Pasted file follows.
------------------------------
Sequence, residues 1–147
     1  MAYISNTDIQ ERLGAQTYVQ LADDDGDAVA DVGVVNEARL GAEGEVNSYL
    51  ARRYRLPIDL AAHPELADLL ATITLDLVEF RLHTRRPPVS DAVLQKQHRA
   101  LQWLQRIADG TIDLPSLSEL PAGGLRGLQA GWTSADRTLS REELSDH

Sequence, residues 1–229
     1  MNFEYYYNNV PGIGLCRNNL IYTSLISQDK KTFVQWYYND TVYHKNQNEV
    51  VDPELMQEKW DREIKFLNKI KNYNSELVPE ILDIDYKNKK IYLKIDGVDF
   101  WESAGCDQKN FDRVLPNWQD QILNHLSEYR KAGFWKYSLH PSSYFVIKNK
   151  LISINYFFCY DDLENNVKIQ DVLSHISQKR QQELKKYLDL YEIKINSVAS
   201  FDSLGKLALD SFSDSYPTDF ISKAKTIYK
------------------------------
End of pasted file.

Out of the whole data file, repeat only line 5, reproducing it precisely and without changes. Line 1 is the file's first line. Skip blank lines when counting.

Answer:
Sequence, residues 1–229